WAMU 88.5 : News

Fracking Opponents Renew Call For Moratorium In Maryland

Play associated audio

Opponents of the drilling technique hydraulic fracturing, commonly called "fracking," are asking the General Assembly to approve an 18-month moratorium on the practice in the state.

This summer, a commission tasked by Gov. Martin O'Malley will issue its recommendations on how to allow fracking in Maryland. Parts of western Maryland in the state's pandhandle lie atop the Marcellus Shale, the rock formation that companies in neighboring states have received permits to start drilling into for natural gas.

Mike Tidwell, the director of the Chesapeake Climate Action Network, says the bill would prevent drilling permits from being issued for 18 months after the commission's report is released.

"That gives the General Assembly basically two sessions to look at this," Tidwell says. "We think that is fair. It's not onerous on the industry. We want to get all the facts on the table."

Supporters of allowing fracking say the issue has been studied enough in Maryland and it's time for permits to be issued as has been done in neighboring states.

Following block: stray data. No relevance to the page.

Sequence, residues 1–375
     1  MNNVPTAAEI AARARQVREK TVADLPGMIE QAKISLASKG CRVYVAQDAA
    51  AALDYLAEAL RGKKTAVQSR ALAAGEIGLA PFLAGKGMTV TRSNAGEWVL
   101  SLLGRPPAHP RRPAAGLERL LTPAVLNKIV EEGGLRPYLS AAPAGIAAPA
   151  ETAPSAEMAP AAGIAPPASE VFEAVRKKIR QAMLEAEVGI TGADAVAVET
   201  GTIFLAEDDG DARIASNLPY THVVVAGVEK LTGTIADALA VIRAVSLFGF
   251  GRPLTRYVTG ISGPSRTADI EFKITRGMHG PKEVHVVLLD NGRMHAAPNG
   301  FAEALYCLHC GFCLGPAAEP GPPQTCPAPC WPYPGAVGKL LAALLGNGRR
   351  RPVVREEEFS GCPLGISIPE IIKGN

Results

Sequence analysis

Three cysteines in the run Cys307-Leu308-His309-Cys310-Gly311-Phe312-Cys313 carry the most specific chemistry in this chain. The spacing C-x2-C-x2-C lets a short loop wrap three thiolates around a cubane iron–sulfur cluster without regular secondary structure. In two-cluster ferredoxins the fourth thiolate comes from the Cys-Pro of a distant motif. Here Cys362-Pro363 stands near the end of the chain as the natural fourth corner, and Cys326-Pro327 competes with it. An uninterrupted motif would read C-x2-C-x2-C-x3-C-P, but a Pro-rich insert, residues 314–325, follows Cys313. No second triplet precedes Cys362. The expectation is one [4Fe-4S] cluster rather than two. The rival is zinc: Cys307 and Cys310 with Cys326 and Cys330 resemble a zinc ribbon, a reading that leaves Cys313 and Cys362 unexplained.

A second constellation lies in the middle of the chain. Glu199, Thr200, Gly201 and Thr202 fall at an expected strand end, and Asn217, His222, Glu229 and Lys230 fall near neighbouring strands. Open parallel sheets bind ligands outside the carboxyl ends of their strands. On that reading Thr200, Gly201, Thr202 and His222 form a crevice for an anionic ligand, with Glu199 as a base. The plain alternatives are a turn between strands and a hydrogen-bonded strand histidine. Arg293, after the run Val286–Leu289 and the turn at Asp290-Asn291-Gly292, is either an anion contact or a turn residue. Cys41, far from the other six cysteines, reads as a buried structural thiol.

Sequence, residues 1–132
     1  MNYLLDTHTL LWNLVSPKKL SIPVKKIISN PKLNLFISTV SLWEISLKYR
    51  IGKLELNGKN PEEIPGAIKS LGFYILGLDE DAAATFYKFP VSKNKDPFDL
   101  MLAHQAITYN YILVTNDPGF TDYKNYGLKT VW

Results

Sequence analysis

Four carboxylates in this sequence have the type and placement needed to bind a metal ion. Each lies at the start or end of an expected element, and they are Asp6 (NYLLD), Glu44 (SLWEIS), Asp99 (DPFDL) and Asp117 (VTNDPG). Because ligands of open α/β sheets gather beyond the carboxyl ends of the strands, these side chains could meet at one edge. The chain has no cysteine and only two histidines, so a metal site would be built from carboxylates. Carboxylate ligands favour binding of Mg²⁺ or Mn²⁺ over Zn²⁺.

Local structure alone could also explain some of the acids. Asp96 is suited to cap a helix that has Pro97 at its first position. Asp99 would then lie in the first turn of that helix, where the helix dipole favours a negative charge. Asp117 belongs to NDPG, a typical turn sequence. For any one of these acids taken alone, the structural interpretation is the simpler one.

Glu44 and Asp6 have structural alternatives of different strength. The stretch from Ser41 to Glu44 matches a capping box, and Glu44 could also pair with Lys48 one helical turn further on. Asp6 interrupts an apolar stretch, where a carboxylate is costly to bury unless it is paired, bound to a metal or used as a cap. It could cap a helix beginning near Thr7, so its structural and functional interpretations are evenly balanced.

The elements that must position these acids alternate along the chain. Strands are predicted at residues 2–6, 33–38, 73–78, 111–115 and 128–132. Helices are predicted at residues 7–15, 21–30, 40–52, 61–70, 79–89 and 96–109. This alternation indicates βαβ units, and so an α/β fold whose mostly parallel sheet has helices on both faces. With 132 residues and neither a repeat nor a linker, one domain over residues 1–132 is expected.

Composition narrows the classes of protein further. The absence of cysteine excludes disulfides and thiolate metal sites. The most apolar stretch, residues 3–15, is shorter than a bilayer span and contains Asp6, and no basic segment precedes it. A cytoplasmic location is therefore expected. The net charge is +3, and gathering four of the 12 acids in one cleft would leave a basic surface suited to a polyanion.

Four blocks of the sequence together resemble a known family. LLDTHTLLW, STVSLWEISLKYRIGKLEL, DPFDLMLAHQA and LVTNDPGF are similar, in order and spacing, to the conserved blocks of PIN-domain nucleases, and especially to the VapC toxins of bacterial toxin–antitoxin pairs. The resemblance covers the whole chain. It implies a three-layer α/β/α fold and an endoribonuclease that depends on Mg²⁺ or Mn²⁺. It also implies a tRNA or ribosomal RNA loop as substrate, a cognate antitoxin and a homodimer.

The moratorium bill failed to get out of a Senate committee by one vote last year.

NPR

'Traveling Pants' Author Tries Traveling In Time

NPR's Petra Mayer profiles YA author Ann Brashares, whose new book The Here and Now follows a young girl and her community who've escaped a terrible future via time travel and landed in our present.
NPR

Soup to Nuts, Restaurants Smoke It All

While you won't find cigarettes in restaurants anymore, some smoking isn't banned. It's not just meat, either; it's hot to smoke just about anything edible.
WAMU 88.5

Virginia Remains At Odds With Feds On Medicaid Expansion

Lawmakers in Virginia continue to resist the $9.6 billion Medicaid expansion on offer from the federal government as part of the Affordable Care Act.

NPR

Watch For The Blind Lets You Feel Time Passing

A new watch allows the blind to feel time on their wrists. Designer Hyungsoo Kim tells NPR's Wade Goodwyn his watch allows users to tell time accurately without revealing their disabilities.

Leave a Comment

Help keep the conversation civil. Please refer to our Terms of Use and Code of Conduct before posting your comments.